The Climate Show #7: Box and Boxsters – the cryosphere special

Highlight of this week’s show is a fascinating — and sobering — interview with Greenland expert Professor Jason Box. His perspective on current events in the Arctic — from the dangers of permafrost methane, through rapid warming over Greenland and the potential impacts on sea level is essential listening and viewing. And he can surf, too. Glenn and Gareth discuss warm weather in New Zealand during a La Niña summer, drought in the Amazon and the complex interactions between climate and weather extremes, food production and political stability. John Cook from Skeptical Science debunks the favourite sceptic arguments about ice at both poles, and in the solutions segment we discuss the recent WWF report on renewable energy, and the new all-electric Porsche Boxster.

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Show notes below the fold.

Continue reading “The Climate Show #7: Box and Boxsters – the cryosphere special”

Lester Brown: Russian heat hits world grain supplies

One of the things that persuaded Gwynne Dyer that it was time to write his book Climate Wars was the realisation that “the first and most important impact of climate change on human civilization will be an acute and permanent crisis of food supply”. He’s not the only one to recognise that. Many of us hearing about what the Russian heat wave is doing to crops have no doubt been wondering what the effect of so much loss might be on global supplies. Right on cue Lester Brown, whose Plan B books always lays great stress on food reserves, has produced  an updateon what the failed harvest in Russia might mean.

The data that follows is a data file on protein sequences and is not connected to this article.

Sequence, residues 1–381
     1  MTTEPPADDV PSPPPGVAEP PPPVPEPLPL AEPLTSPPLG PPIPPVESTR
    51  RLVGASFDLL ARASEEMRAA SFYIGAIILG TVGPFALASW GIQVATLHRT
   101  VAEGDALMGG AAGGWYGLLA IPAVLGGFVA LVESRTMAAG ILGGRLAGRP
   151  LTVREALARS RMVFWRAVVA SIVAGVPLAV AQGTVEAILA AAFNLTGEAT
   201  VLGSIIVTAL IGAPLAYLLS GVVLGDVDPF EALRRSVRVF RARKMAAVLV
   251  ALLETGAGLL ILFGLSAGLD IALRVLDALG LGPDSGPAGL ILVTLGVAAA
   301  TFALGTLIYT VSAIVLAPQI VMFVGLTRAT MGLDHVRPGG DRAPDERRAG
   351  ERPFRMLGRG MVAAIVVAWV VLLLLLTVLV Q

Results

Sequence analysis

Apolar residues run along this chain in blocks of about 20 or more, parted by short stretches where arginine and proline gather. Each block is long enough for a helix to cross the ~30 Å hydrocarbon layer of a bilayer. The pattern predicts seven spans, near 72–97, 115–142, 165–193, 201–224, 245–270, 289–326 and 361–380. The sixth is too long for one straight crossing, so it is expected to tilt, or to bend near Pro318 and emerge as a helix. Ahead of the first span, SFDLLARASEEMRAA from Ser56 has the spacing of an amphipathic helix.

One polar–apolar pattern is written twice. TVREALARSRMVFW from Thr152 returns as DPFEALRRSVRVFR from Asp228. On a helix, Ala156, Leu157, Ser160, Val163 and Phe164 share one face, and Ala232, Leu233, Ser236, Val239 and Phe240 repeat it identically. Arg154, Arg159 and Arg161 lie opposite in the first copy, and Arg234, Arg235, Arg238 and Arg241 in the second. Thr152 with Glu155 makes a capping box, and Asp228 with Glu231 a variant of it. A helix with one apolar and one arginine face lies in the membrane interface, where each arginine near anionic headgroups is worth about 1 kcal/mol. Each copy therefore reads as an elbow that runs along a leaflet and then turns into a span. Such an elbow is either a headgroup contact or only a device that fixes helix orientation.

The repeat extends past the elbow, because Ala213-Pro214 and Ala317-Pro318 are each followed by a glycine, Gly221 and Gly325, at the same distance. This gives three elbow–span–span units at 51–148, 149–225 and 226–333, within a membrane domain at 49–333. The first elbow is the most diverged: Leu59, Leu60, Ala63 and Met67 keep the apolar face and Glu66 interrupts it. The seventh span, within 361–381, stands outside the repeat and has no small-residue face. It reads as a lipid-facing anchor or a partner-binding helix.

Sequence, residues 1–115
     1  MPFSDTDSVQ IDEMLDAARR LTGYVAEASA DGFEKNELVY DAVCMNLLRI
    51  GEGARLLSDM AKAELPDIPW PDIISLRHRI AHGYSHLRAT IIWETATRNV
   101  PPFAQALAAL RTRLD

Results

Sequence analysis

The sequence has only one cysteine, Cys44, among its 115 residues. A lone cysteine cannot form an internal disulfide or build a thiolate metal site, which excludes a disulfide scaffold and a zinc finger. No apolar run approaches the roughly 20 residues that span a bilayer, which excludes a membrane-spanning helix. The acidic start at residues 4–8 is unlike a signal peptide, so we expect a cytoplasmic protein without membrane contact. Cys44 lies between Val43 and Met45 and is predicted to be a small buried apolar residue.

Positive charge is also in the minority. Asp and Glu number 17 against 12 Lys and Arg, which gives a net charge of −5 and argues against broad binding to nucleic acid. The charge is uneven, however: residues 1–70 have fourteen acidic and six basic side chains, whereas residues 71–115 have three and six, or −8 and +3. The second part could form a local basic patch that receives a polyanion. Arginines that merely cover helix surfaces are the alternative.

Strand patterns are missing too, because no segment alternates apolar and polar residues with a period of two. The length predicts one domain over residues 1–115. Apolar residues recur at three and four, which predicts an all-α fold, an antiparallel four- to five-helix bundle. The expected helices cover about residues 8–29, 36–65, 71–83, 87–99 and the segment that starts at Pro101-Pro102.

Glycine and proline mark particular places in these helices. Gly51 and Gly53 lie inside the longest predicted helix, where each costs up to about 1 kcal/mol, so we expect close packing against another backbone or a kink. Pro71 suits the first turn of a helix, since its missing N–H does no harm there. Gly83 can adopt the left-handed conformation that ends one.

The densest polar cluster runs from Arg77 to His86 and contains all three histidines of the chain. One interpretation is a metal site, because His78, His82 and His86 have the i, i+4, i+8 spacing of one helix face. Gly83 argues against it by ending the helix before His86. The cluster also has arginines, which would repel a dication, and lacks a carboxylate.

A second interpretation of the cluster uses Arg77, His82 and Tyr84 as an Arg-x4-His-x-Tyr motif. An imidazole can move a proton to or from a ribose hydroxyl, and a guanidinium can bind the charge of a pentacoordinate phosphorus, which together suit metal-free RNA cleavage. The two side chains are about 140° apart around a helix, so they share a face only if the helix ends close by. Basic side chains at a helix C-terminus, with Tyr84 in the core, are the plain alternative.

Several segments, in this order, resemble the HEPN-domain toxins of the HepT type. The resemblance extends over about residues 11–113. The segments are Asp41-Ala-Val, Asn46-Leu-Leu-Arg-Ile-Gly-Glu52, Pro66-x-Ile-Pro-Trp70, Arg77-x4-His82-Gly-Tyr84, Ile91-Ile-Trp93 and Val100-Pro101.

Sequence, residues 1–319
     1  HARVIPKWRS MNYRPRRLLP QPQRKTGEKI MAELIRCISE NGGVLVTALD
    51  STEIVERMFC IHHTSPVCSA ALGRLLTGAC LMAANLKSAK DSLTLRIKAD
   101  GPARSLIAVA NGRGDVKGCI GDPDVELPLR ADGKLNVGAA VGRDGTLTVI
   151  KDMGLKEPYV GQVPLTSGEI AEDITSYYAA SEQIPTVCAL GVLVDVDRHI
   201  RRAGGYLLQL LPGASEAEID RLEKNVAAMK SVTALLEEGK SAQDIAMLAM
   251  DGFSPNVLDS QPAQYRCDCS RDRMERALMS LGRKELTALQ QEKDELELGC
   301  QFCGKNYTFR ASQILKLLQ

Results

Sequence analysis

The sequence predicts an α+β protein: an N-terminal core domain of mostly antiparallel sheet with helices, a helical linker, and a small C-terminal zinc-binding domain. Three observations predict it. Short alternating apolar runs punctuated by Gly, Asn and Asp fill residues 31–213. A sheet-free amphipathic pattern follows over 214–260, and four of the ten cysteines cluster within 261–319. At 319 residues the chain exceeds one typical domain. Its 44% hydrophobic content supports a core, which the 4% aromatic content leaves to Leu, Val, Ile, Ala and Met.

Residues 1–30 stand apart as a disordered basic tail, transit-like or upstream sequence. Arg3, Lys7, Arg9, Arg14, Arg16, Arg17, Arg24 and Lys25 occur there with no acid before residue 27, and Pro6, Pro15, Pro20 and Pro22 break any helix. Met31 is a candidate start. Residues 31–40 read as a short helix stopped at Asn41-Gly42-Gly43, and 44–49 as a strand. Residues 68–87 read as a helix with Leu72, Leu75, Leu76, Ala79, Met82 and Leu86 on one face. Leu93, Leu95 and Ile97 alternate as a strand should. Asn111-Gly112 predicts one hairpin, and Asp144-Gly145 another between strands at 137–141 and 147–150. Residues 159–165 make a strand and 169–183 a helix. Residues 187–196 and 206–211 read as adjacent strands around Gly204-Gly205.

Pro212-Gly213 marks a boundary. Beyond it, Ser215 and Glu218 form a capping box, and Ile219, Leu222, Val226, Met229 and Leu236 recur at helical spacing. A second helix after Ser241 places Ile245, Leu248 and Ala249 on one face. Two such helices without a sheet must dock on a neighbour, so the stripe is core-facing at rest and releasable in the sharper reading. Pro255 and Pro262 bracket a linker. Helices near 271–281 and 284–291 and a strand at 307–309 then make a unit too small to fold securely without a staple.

“Russia’s grain harvest, which was 94 million tons last year, could drop to 65 million tons or even less. West of the Ural Mountains, where most of its grain is grown, Russia is parched beyond belief. An estimated one fifth of its grainland is not worth harvesting. In addition, Ukraine’s harvest could be down 20 percent from last year. And Kazakhstan anticipates a harvest 34 percent below that of 2009. (See data.)”

He notes that the heat and drought are also reducing grass and hay growth, meaning that farmers will have to feed more grain during the long winter. Moscow has already released 3 million tons of grain from government stocks for this purpose. Supplementing hay with grain is costly, but the alternative is reduction of herd size by slaughtering, which means higher meat and milk prices.

The Russian ban on grain exports and possible restrictions on exports from Ukraine and Kazakhstan could cause panic in food-importing countries, leading to a run on exportable grain supplies. Beyond this year, there could be some drought spillover into next year if there is not enough soil moisture by late August to plant Russia’s new winter wheat crop.